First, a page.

This album brings a lot to the table. Catchy melodies, excellent lead (and harmony) vocals , high quality musicianship, professionally effective production and engineering. One foot is planted in Prog Rock territory – while the other ventures into accessible AOR realms not entirely unlike deeper album tracks from bands like Boston, Toto or Styx (except more progressive). If you like SUPERNAL ENDGAME, KERRY LIVGREN or PHIL KEAGGY, DON”T MISS THIS EXCITING NEW CD!!! The packaging is first-rate too – with full song lyrics & cool CD cover art by Ken Westphal!
Be one of the first 1000 to purchase this new CD, and the proceeds from your sale go to support the outreach charity Living Water International (” helping communities acquire desperately needed clean water, and to experience “living water” – the gospel of Jesus Christ – which alone satisfies the deepest thirst)!
OK – well. You know what you need to do now!
But don’t take my word for it! Click here to request the song “Life Fantastic” from “Living Water” on ProgPositivity Radio! Let your own ears tell you whether this music speaks to your heart or not! (http://progpositivity.com/playlist?mode=4&id=67537)
God bless and Prog On!
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Proving once again that “Prog-life” doesn’t end at 60!!
Although the BUGGLES are BACK with a vengance, the delivery is more natural, mature and deliberate than it was 30+ years ago on the last genuine “Panther” Yes album. Dare I say, the songs are more drama-tic this time around? 😉
“We Can Fly from Here” was the name of the original demo that Buggles Trevor Horn and Geoff Downes gave to Chris way back in 1980. An expanded version (with a second part) almost made the Buggles album “Adventures in Modern Recording”. While it was still a candidate for that Buggles album, Horn and Downes “fleshed out” various ideas for the
piece, some of which ended up becaming the basis for other sections of the Title Suite (“Sad Night at the Airfield” and “Madman at the Screens”).
Horn and Downes’ compositions graciously redeem their presence by allowing plenty of room for Steve Howe’s guitar and Chris Squire’s bass guitar performances to shine like diamonds. Horn also deserves credit for delivering perhaps the best produced and engineered Yes album since “Talk”.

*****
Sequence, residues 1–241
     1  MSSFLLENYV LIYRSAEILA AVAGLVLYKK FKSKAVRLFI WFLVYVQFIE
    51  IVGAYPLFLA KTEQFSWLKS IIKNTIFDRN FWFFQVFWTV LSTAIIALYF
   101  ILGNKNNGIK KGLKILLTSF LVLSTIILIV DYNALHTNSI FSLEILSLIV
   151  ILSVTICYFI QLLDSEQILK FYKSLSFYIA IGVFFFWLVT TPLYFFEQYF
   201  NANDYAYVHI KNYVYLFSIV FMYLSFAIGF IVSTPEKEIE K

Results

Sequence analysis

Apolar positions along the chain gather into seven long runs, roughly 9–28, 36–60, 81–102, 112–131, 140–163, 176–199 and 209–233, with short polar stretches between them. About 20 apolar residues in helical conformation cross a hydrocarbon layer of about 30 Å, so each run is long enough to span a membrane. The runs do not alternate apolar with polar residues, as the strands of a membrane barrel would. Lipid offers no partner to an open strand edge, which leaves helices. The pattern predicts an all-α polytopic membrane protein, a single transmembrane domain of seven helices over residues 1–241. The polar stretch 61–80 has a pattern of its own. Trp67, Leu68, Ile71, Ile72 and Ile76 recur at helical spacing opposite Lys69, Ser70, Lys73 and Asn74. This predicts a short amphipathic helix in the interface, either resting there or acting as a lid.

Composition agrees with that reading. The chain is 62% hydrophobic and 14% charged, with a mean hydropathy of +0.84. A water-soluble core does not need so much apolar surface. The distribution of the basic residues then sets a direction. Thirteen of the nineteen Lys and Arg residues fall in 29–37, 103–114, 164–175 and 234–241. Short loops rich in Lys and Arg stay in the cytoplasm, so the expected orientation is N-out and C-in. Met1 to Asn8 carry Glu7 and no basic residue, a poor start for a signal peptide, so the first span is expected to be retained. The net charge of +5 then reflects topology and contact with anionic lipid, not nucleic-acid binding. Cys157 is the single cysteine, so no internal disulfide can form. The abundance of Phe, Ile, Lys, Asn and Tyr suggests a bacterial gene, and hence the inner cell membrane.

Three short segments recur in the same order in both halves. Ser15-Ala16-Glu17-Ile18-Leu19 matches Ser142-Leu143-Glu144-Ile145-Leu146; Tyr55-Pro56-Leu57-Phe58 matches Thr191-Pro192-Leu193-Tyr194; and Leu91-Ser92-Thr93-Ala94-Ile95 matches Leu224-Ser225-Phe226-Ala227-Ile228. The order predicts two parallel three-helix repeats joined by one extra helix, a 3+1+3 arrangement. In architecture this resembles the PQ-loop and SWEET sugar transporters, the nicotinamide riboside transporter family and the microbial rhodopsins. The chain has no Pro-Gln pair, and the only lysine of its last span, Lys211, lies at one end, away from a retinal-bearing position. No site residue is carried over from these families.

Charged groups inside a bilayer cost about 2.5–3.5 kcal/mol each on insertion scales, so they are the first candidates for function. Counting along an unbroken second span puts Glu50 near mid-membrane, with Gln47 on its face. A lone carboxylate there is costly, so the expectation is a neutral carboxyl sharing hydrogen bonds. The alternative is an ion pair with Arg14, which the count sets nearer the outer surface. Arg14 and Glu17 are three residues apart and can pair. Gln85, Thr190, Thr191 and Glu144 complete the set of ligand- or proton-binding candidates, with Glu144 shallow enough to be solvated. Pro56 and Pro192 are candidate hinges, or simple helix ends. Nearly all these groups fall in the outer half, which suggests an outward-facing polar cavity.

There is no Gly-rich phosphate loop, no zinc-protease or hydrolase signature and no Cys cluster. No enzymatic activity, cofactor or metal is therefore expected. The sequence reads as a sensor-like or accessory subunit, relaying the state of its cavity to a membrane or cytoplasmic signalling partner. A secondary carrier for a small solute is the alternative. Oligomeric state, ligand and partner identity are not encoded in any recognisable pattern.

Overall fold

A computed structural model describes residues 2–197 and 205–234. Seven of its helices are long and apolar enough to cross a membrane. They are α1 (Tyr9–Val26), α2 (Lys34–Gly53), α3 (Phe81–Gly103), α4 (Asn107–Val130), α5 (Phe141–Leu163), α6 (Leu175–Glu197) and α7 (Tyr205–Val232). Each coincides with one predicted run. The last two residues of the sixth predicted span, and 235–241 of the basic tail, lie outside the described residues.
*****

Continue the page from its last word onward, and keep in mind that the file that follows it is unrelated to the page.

Although G. Downes certainly provides his “fair share” of keys, even Rick Wakeman fans can bask in the fleetingly etched familial glory of Oliver Wakeman’s keyboard performances on a few tracks here and there. (Those keeping score at home may also note a songwriting credit to Oliver for his part in the creation of the strong group effort album closer “Into the Storm!)
Steve Howe writes and manages to coax a rich on-key baritone vocal harmony for “Hour of Need”. His solo guitar piece “Solitaire” may not be pack quite the razzle-dazzle of “Clap” but it is beatiful and wondrous with a graceful magic all its own.
Chris Squire’s vocals take center stage on “The Man You Always Wanted Me to Be”, a pleasant song with delightfully playful little time signature shifts in the verses.
And although I truly HATE that Jon is not the lead vocalist for Yes on this album… I must confess that Benoit David’s vocal performances on this album are simply superb. Not only is he an incredible vocalist in his own right, he is THE RIGHT man for this job at this moment in this place and time. Quite amazingly, he has somehow managed to find Yes’ 2011 “sweet spot” vocally. He isn’t so unlike Jon – especially whenever the songs require him to reach angelic high notes as to make the band sound “out of character”. But neither is he so like Jon as to sound like a pale imitation. He is every bit as comfortable in a lower register as a high one. And while I had approached the album 100% prepared for Benoit to do his best to approximate the tone and cadence of a certain previous vocalist for this UK supergroup of Prog, I was totally surprised to discover that the name of this ex-Yes vocalist would far more often be Trevor Horn than Jon Anderson!
On first listen, the album’s “prog-suite” sounded more like a small collection of tunes pasted together than an organic whole. The second and third spins, however, revealed a synergistic sympathy from one section to another. These separate songs really did inter-relate with one another after all. They really do create a greater whole, even if their transitions from one section to the next sound leave something to be desired.
Oddly enough, the one portion of the suite that feels most contrived is the most “progrock” section, Howe’s “Bumpy Ride”. If I didn’t know Steve better, I’d think it had been concocted as part of a cynically gratuitous plot to appease the “pure proggers” among us with a “15/8” section. “See? Now get outta my face! You can’t say this 21 minute longe suite of songs isn’t ‘prog’ now!” 😉